UPDATE: 2:56 a.m. EST — Japan’s benchmark stock index, the Nikkei 225 closed 7.16 percent higher Monday, as a retreat in the yen’s value against the U.S. dollar sent shares in the country's big exporters sharply higher. Toyota was one of the biggest gainers Monday, closing 9.56 percent higher, while Honda and Sony gained over 8 percent.

Original Story:

Japan stocks rose on Monday morning after their worst week in seven years, as weaker-than-expected GDP raised speculation the government would boost economic stimulus. Most Asian stock markets gained after U.S. stocks climbed on Friday. 

Japan's Nikkei 225 rose 4.1 percent, South Korea's KOSPI gained 1.2 percent and Australia's ASX 200 was up 0.6 percent. Singapore's STI was little changed. Shares in Shenzhen declined as China markets reopened after a weeklong Lunar New Year holiday.

Japan's economy shrank an annualized 1.4 percent in the fourth quarter compared with the 0.8 percent median estimate of economists, according to Bloomberg. That may force the Bank of Japan to take further steps to weaken the yen to help the export-oriented economy. It already cut interest rates below zero this month, but the yen has risen because Japanese government bonds are considered a safe haven by global investors amid recent market tubulence and economic uncertainty.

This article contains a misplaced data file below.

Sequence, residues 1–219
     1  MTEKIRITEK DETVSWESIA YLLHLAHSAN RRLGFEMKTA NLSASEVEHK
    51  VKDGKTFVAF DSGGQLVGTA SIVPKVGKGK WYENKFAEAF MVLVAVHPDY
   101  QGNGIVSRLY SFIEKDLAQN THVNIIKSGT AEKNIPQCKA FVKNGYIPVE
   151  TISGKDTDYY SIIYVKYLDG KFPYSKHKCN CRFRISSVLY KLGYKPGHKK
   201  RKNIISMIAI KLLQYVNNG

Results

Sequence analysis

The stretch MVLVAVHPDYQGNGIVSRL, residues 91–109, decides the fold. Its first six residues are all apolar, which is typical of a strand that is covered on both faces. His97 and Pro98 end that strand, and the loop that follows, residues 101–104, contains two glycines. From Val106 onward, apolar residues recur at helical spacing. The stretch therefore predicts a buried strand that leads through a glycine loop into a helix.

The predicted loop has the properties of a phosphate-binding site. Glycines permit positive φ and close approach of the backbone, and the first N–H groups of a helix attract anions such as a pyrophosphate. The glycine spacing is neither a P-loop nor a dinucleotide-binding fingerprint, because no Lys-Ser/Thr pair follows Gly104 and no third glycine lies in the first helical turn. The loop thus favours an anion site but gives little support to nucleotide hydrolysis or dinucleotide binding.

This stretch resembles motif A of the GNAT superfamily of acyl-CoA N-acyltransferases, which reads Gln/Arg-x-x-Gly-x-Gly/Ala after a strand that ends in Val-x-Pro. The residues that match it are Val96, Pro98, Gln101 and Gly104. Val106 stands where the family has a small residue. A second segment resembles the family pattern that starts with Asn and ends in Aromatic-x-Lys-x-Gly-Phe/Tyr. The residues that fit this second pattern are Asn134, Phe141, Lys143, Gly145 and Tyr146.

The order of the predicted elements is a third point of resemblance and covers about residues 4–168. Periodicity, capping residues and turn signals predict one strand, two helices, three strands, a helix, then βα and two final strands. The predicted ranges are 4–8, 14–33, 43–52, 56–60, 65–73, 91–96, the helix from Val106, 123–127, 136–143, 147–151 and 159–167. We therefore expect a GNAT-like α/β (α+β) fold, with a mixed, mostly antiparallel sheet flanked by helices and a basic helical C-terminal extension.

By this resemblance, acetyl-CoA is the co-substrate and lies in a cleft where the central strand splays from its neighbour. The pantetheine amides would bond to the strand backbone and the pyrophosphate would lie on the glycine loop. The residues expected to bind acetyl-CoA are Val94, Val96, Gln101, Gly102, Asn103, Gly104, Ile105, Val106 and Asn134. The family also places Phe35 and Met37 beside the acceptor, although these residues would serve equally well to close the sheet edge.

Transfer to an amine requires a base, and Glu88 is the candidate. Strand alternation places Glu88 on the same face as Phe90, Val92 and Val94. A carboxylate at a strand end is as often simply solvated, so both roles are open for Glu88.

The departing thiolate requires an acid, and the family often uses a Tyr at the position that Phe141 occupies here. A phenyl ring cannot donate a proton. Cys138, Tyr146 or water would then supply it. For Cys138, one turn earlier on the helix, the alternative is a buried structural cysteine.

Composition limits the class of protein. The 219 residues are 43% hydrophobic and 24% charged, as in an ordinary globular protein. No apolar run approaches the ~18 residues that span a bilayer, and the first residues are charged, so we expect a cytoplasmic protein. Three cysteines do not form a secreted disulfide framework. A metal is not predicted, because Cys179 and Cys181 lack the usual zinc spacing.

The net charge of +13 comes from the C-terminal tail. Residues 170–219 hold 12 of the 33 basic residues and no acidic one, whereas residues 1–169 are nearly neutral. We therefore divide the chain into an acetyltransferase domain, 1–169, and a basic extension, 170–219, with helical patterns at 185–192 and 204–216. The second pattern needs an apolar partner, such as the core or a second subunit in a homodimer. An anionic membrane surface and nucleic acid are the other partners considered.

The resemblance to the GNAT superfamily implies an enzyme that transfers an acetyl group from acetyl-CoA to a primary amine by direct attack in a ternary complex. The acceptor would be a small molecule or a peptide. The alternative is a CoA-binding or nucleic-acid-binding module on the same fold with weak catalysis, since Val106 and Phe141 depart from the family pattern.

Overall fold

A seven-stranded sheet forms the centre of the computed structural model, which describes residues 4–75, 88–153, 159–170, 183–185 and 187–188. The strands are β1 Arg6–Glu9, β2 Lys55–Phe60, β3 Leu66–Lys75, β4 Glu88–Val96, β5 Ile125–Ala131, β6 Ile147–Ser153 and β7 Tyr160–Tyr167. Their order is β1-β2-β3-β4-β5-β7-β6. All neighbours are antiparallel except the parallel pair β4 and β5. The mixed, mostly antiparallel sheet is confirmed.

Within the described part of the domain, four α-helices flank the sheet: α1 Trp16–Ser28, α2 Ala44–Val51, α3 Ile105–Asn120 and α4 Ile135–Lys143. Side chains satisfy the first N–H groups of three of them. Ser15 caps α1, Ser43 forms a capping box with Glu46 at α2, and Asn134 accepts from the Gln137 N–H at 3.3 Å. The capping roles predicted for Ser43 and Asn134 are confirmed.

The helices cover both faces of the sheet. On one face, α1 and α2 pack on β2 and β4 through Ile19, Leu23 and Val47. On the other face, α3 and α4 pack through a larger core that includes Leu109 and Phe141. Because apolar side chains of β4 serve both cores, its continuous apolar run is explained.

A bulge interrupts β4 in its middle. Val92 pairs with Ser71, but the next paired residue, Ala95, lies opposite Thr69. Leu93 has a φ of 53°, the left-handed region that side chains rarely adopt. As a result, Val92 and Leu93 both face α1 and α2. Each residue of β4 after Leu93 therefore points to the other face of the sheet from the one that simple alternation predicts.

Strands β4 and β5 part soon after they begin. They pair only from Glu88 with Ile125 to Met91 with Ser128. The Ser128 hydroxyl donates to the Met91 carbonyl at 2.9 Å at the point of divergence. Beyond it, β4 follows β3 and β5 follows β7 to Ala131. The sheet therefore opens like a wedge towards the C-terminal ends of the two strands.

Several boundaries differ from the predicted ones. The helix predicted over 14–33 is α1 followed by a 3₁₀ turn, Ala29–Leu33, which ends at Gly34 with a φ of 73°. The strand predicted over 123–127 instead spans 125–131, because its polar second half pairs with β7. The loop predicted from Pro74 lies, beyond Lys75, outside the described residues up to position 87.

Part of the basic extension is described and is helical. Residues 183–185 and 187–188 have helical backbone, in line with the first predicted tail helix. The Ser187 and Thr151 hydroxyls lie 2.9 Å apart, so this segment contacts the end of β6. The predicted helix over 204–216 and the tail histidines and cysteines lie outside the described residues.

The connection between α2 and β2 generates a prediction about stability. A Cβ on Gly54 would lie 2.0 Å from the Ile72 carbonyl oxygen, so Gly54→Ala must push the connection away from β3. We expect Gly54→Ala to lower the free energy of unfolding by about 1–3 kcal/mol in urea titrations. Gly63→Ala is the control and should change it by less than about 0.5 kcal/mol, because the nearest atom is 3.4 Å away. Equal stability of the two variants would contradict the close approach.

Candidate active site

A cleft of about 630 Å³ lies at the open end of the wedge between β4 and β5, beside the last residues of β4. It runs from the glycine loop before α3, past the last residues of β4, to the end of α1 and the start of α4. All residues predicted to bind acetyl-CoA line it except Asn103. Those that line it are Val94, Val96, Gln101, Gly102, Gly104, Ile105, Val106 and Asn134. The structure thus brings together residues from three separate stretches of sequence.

“The BOJ may have little choice but to ease further if the yen continues to rise," Bloomberg reported Atsushi Takeda, an economist at Itochu Corp. in Tokyo , as saying before the report.

In the U.S. on Friday, the Dow Jones Industrial Average and Nasdaq Composite rose 2 percent and the Standard & Poor's 500 gained 1.7 percent. Oil surged on Friday amid renewed speculation oil producers would take steps to boost prices. That would be a boon to energy stocks and the many industries that supply the industry. On Sunday, Reuters reported Nigeria's oil minister said there is a growing consensus among oil producers to take action. January retail sales data also helped U.S. stocks on Friday.

“It is difficult to be sure these days given the extent of volatility present, but one of the catalysts for the better tone to financial markets on Friday appeared to have been some respectable economic data out of the U.S.,” Bloomberg reported Philip Borkin, senior economist in Auckland at ANZ Bank New Zealand Ltd., as saying.